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Vol. 2, Issue 1
November 9, 1999

Pixel Obscura:

Adventures in CandyLand

by Josh Vasquez




ideo games have become infested with ghosts. One of the trends in the industry over the last few years seems to be an exploratory revisitation of the successes of the past. Old bones, however, are just that, and the stars of yesteryear needed a bit of "fleshing" out (fade to a boardroom meeting: "men, we gotta think big" the boss says as a chorus quietly sings "Dem Bones" in the background). In a ritual of redressing, paradigmatic characters like Donkey Kong, Frogger and, most recently, Pac-Man have all been resurrected with a day-glow pulse and bubbled out into a new landscape by way of a wonderful conceit: the illusion that one can implant the third dimension into the second. In essence this neoteric life promised to the faithful is a movement to the geometry that applies in depth. It's a deepening meant to tap into nostalgia and thus, hopefully, into wallets as fans trade for a peek at the "new world."

As a side effect of this marketing strategy, a new aesthetic has arisen around these once flat heroes that stretches beyond the "fish out of water" charm of seeing them turn 360 degrees. On the one hand, watching something being brought back to life can persuade the observer to develop a new appreciation for the tools used to work such a miracle. Seeing Pac-Man in the increasingly standard "3D environment" format has the potential to help the surfeited player rediscover a magical sense of awe at such video game advances, like seeing the sun rise through the eyes of someone regaining their sight after a year. Now, while I don't want to overstate the power of this awakening (in the end it is just a game after all), there is something to be said for its ability to induce a warm smile if nothing else. On the other hand, there is an interesting A+B=C equation taking shape here.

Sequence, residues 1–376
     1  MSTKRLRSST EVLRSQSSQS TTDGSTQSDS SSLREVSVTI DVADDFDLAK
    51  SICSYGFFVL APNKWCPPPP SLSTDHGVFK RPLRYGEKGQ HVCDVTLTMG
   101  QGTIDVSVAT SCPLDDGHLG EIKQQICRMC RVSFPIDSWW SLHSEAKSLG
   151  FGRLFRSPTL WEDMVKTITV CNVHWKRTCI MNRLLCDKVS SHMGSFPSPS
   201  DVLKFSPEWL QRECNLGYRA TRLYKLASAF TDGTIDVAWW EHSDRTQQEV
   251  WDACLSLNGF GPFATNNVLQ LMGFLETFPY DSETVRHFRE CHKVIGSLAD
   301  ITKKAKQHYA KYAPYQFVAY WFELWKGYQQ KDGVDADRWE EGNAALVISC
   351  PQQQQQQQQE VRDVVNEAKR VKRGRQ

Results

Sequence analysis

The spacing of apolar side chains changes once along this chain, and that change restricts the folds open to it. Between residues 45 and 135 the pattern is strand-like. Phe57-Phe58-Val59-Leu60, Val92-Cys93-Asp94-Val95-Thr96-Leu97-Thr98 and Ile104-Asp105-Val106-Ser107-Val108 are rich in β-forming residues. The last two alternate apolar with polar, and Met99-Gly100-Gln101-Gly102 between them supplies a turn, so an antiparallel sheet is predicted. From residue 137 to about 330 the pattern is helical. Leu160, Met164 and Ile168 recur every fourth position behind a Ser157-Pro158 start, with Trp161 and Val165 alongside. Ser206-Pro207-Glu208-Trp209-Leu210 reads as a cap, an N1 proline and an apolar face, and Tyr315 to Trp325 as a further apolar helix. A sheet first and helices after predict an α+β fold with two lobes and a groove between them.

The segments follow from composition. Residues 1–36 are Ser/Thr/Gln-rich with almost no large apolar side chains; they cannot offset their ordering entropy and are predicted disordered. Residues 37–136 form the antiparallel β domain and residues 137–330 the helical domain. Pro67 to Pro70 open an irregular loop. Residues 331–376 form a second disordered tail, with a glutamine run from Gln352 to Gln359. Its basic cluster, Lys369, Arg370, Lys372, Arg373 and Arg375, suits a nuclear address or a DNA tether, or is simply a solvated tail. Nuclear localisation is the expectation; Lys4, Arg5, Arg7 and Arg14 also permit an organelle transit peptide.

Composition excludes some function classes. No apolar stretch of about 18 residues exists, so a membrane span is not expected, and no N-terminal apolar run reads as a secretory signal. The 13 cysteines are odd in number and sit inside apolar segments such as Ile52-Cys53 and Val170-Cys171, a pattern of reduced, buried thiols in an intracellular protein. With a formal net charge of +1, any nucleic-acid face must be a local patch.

Mixing the cartoonish with a more fully "realized" environment has some curious side-effects. Treating Mario or Donkey Kong like, for example, Lara Croft (and whether Tomb Raider came before or after is beside the point), or at least placing them in a similarly rendered quest format, forces a strange marriage of the serious and the silly. Even though the ideas behind the games may be completely different, utilizing the same type of overall design to reach utterly different goals, the viewer can't help but see one in the newly cast light of the other. Just by 3D-ing the environment of a game you are evolving the narrative, raising the stakes if you will. This is true even if the new Pac-Man is still all about gobbling those little white dots; the walls of the maze are instantly more "dramatic" in a three dimensional setting than in the original by virtue of their being made more concrete. I am not suggesting that the creators have to have intentionally worked out a more detailed plot line for this to be true. If the individual is inspired to let his or her mind wander, stretching to account and plan for the possibility that a threat awaits behind that next hill or around the corner, then a more heightened interaction is automatically taking place between game and player. The intriguing and humorous bent comes in when the character is not a barbarian warlord or a robot monster but Frogger.

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Credits: Illustration © 1999 Dan Zalkus. Pixel Obscura is © 1999 Josh Vasequez. All other content is © 1999 loonyboi productions. Unauthorized reproduction is prohibited, you cartoonish villian, you.